Yamen Zeidan’s eldest brother Fouad was killed in action in 1987 serving as a border patrol soldier in the West Bank. Nine years later, his other brother Saleh, a combatant in the Golani infantry brigade, fell in a suicide attack targeting his convoy in southern Lebanon.
But on Israel’s Memorial Day, when Zeidan joins his family at the military cemetery of Beit Jann, a Druze town of 12,000 in the Upper Galilee, it is not the “covenant of blood” connecting his community with the Jewish state that is on his mind.
“Memorial Day reminds me of the extent of Zionist conspiracy against the Druze community,” the 33-year-old lawyer, who serves as legal adviser to the Palestinian Authority’s Ministry of Prisoner Affairs, told The Times of Israel. “The blood of my brothers was paid so that traditional and so-called community leaders can get jobs. Nothing more.”
Zeidan is also a founding member of “Refuse — Your People Will Protect You,” a grassroots group launched three months ago to encourage conscientious objection and advocate for the cancellation of military conscription among Israel’s Druze community of 135,000. The group’s Facebook page, boasting 4,500 supporters, offers free legal and psychological advice for Druze teenagers considering objection.
The Refuse group, it would seem, has its work cut out for it. According to IDF data, enlistment rates among the Druze are stable at 82 percent, significantly higher than the national average of 75 percent. Druze soldiers serve in sensitive combat and intelligence positions and even have their own infantry unit, Sword Battalion, which dates back to the early days of the state.
Israel’s military service law was applied to the Druze in May 1956. According to the IDF website, the move followed an appeal by community leaders to then-prime minister David Ben-Gurion. Six years earlier, the Druze Battalion of the Arab Liberation Army — a volunteer force sent to fight the Zionist troops during the War of Independence — fell apart following an abortive attack on Kibbutz Ramat Yohanan, east of Haifa, on April 11, 1948. That seminal failure, argues Israeli historian Benny Morris, caused the Druze to stay neutral throughout the remainder of the war and sign a secret cooperation pact with the Haganah.
Zeidan’s view of history is different. He cites research refuting “the Zionist myth” of habitual Muslim persecution of the Druze, noting that community members were an integral part of the Arab fighting forces against the nascent state; with no fewer than 600 Druze combatants within the ranks of the Arab Liberation Army (which numbered 4,500), 100 of them from Palestine. The commanders of seven decisive battles during the 1948 war were Druze, he adds proudly.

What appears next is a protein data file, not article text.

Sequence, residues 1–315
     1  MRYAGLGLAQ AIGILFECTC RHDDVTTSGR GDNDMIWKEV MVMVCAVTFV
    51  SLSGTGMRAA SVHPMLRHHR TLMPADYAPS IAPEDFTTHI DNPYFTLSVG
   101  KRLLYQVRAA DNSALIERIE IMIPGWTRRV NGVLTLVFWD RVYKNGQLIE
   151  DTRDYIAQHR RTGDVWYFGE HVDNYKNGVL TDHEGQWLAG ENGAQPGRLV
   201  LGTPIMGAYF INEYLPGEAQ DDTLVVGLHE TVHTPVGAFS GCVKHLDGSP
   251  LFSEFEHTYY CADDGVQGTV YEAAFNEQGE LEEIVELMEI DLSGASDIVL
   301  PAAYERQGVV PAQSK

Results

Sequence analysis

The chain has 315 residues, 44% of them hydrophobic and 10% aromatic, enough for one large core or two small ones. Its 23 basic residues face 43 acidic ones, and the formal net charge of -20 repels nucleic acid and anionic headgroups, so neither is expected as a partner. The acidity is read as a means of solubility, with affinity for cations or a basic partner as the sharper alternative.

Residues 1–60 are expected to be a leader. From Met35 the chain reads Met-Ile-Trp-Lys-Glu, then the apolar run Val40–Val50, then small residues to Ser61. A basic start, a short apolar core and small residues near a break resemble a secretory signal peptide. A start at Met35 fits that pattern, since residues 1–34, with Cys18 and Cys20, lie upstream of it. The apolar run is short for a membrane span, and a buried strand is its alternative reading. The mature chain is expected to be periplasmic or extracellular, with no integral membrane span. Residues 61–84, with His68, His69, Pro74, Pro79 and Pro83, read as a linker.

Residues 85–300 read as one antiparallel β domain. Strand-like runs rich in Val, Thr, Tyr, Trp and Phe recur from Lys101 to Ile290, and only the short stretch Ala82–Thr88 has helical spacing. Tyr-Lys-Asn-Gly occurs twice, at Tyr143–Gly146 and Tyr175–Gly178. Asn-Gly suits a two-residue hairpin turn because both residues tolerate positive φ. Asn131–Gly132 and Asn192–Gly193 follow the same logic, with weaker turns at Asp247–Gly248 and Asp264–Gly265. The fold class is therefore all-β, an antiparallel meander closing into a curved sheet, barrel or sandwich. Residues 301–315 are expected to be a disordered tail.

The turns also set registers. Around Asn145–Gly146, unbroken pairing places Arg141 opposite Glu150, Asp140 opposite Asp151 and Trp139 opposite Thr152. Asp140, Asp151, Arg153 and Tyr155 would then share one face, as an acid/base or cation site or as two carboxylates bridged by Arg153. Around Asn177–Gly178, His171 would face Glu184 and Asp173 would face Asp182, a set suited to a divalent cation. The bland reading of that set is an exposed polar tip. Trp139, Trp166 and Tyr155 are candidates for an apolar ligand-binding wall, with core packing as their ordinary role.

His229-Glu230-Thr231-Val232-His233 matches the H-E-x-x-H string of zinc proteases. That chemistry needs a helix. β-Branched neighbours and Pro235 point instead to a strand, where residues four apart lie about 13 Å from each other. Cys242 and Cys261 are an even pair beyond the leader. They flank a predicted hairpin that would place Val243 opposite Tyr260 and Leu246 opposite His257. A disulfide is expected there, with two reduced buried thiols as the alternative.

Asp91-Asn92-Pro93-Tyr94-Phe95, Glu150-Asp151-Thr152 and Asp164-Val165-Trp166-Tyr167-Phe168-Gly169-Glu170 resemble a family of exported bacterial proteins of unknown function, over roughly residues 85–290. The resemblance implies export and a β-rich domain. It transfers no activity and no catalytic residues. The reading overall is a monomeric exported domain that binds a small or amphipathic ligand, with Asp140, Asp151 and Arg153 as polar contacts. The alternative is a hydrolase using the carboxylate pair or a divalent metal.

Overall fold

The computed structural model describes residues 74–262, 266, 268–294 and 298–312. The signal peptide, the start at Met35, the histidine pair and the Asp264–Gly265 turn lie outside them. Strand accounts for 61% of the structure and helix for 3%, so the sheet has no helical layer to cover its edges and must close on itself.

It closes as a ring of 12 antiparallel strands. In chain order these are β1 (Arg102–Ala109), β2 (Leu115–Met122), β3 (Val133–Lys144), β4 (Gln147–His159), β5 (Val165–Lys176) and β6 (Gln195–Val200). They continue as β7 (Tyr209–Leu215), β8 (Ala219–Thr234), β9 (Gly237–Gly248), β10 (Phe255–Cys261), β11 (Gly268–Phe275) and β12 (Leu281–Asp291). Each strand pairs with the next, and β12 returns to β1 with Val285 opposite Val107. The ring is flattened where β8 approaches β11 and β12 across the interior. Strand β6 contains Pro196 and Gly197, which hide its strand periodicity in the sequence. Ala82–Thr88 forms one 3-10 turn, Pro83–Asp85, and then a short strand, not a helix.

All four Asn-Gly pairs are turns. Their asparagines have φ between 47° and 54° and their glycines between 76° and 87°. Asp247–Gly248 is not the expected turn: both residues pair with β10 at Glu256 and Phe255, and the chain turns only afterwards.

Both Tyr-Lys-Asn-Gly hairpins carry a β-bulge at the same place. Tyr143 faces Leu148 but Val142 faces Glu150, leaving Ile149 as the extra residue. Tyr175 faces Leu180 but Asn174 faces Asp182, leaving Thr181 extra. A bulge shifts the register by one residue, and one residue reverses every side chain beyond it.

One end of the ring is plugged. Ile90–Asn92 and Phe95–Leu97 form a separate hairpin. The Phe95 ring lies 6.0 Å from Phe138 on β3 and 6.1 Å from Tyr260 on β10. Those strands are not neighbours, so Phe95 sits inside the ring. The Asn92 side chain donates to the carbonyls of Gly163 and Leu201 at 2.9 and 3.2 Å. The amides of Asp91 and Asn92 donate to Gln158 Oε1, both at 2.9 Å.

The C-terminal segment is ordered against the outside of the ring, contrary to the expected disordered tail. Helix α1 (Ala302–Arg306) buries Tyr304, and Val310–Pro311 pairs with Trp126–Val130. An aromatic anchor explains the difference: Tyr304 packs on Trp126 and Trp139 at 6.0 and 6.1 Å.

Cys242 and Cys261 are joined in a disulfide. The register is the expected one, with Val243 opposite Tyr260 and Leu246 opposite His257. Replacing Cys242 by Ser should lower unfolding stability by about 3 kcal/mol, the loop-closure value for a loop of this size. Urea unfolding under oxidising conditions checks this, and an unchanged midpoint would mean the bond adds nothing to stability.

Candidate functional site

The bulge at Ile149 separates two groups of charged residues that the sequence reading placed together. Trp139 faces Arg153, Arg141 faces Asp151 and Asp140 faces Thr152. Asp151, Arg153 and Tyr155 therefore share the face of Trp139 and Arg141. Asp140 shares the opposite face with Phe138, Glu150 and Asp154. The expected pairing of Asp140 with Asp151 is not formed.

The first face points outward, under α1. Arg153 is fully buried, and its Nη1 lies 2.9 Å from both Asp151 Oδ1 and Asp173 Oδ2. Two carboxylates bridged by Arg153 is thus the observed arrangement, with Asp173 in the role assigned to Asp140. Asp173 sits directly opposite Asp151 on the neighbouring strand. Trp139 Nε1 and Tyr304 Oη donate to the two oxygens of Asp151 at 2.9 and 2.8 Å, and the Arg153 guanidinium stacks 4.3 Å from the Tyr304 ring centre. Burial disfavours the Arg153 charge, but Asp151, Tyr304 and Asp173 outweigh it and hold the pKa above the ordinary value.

“The historic truth is different from what we are taught in schools,” he says. “We are told about partnership, about how the Druze built this state with the Jews. Give me a break! Did the Zionist project need the Druze to build the state? The entire world supported it.”
“Israel continues to treat the Druze as a herd to this day. This herd has a sheikh and a leader which [Israel] speaks to … but why should I be bound by a decision signed 60 years ago between 10 or 15 people and the State of Israel?”
It is not pacifism that drives Refuse but rather a profound sense of Arab nationalism coupled with a strong feeling of injustice relating to the Jewish state, which claims to treat all of its citizens equally but in practice discriminates against the Druze in resource allocation. Beit Jann, which sacrificed over 50 soldiers since Israel’s creation, is today, according to Zeidan, “the Palestinian village with the highest rate of land confiscation in Israel.” Its outdated building plan has not been modified in 25 years.
‘Using holy sites for military ceremonies is sacrilegious’
On the eve of Israel’s Independence Day, while many of his coreligionists in Israel were preparing their blue-and-white flags, Alaa Muhanna hiked to the abandoned Palestinian village of Lubya near Tiberias to mark Nakba Day, the Palestinians commemorate the catastrophe of the creation of Israel.
‘Why should I be bound by a decision signed 60 years ago between 10 or 15 people and the State of Israel?’